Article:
The RGB Matrix Process Effect

In my latest live stream, I did use the RGB Matrix Process effect quite a lot for changing the colors of fills ans symbols. I this article, I’ll dive a bit more into this effect and describe it in a bit more detail.

The effect itself is just a basic color-replacement effect, but all those text fields with numbers can look quite a bit daunting when you open it up for the first time, but you can use it to make some nice results. You can see some examples in this older blog article where I also touch briefly on this effect, but today I’m going to explain it in a bit more detail.

To understand this effects, you need to understand how the computer sees colors. To a computer, a color is just a number, which represents the amount of red, green and blue in the image. The computer would just see it as a large number, but for readability to humans we usually break it down into the individual components for red, green and blue. For example, the orange found as color number 8 in CC3+’s palette is simply known to the computer as 16738048, but it is usually displayed to us humans as RGB(255,103,0) or more verbose 255 red, 103 green and 0 blue. These values vary from 0 for none to 255 as the maximum, so you can see that the orange color from my example here is composed of a lot of red, a moderate amount of green and no blue. Do note that computer color mixing doesn’t work quite the same way as mixing them using paint in the real world, in particular you may have learned the the primary colors from which we mix all the others are red, yellow, and blue, but for a computer, using red, green and blue actually results in a larger possible color range. There are other color formats, such as HSL (Hue, Saturation, Lightness) that many programs allow you to work in, but for most applications this is just to provide a familiar interface to more color-savvy users, but internally it is usually simply translated to RGB. I’m not enough of a color expert to explain any of that any further, so let us just continue from here and just keep in mind that computers and displays uses RGB to identify their colors.

Now, the whole idea behind the RGB Matrix Process effect is to manipulate these color values in interesting ways. This can be anything from subtle changes to full reversals. This works by re-calculating those individual color values for the amount of red, green and blue. If you look at the dialog, you can see it is made up from 3 rows, one row for calculating the red color, one for calculating green, and the final row for calculating the blue color. The interesting thing here is that each color can be calculated based on the amount of the other components in the color.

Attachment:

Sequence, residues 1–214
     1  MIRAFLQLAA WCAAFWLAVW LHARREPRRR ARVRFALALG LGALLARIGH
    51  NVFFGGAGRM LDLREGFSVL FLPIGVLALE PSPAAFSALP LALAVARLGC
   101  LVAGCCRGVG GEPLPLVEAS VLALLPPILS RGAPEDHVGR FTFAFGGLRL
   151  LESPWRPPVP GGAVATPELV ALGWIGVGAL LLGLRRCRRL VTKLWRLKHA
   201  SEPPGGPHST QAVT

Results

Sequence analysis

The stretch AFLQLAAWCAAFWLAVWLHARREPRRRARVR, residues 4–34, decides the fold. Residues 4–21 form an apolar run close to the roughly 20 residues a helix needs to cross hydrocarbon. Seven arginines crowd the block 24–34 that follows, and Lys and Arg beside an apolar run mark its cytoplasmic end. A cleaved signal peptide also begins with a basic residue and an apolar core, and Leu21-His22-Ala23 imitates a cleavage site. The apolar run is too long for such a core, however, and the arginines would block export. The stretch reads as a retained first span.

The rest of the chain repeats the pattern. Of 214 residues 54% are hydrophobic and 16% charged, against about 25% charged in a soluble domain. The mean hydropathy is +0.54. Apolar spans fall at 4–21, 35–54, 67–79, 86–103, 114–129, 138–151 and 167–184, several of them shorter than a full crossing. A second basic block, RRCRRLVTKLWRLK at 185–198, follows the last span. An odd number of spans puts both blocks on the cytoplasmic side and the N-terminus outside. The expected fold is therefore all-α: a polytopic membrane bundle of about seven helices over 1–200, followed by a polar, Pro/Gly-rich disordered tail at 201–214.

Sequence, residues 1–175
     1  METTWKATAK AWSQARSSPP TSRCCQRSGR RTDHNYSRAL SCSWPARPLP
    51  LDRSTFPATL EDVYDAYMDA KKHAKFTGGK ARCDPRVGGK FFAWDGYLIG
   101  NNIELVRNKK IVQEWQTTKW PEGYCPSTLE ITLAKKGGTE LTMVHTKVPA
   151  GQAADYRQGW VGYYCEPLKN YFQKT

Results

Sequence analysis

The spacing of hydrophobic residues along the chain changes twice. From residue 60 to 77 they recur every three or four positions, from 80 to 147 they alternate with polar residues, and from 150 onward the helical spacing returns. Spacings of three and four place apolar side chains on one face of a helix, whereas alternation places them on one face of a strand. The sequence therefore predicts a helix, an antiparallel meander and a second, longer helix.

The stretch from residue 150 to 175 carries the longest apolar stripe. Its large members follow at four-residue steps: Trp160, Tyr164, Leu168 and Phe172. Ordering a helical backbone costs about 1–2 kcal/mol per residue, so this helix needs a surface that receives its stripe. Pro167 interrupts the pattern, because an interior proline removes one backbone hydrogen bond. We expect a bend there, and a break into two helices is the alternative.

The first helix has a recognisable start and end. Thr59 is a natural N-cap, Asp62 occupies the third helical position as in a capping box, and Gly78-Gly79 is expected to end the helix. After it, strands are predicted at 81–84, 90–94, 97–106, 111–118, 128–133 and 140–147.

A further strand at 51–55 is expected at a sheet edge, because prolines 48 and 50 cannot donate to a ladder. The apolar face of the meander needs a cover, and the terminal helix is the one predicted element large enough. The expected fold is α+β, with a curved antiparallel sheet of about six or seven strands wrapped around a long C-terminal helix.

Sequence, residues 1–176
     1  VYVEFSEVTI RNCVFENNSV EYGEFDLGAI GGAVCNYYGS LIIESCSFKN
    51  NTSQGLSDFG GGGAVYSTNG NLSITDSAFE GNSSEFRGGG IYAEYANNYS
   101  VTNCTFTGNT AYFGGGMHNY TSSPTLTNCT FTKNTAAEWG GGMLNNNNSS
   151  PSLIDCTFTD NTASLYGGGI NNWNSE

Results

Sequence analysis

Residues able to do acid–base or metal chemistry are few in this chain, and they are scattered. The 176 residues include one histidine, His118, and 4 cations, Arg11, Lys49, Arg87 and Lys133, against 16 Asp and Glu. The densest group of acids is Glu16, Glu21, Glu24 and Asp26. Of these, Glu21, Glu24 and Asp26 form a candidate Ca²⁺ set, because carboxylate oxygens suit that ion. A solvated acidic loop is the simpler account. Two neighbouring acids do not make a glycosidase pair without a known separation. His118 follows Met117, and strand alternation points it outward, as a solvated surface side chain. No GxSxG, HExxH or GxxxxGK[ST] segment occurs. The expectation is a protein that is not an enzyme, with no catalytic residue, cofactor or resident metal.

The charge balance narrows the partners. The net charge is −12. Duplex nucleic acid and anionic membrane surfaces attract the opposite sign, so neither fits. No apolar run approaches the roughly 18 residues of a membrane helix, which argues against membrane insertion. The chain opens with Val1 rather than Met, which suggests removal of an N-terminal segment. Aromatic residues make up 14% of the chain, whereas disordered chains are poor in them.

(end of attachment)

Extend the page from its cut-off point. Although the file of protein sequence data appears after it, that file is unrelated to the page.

If you look at each row, except from the first letter, they are identical. Each row is a number multiplied by R + a number multiplied by G + a number multiplied by B + a number. The R, G and B refers to the current color components before the change. The final number is multiplied by 255.

The current values shown in my screenshot above are the “do-nothing” values, with these values in place, nothing will change, and the effect won’t have any impact on your drawing at all. To prove this, we’re going to bring out our math skills. We’ll start by using our orange from above as the starting color before the effect is applied. As already noticed, expressed in RGB, the orange is RGB(255,103,0). We’ll now calculate row by row.

The first row is for calculating the new red color component. With the values currently in the dialog, it says to take the current red component value (255) and multiply it by 1, then adding the current green value (103) multiplied by 0, then the current blue value (0) multiplied by 0 and finally adding the number zero. Expressed as a formula, this becomes:

Red = 1*255 + 0*103 + 0*0 + 0*255 = 255 + 0 + 0 + 0 = 255

Continuing on, we have

Green = 0*255 + 1*103 + 0*0 + 0*255 = 0 + 103 + 0 + 0 = 103

Blue = 0*255 + 0*103 + 0*0 + 0*255 = 0 + 0 + 0 + 0 = 0

Assembling the new components leads to RGB(255,103,0), which happens to be the exact value as before. This happened because what we really did was to make the red component 1 times the old red component, the green component 1 times the old green component, and the blue components 1 times the old blue component. Multiply something by 1 just keeps the old value, that’s one of the most basic fundamentals of math.

So, that got us nowhere. Let us pick up a more interesting filter to use as an example. So, I am still just multiplying by 1 to make real simple calculations. But I have moved things around. Notice how the red component is now expressed as 1 times the old green component. This basically means that any green in the image becomes read instead. Blue becomes green, and red becomes blue. So let us throw up our calculations again:

Red = 0*255 + 1*103 + 0*0 + 0*255 = 0 + 103 + 0 + 0 = 103

Green = 0*255 + 0*103 + 1*0 + 0*255 = 0 + 0 + 0 + 0 = 0

Blue = 1*255 + 0*103 + 0*0 + 0*255 = 255 + 0 + 0 + 0 = 255

So, what does that net us. Collecting the components, and we have RGB(103,0,255), resulting in a strong purple.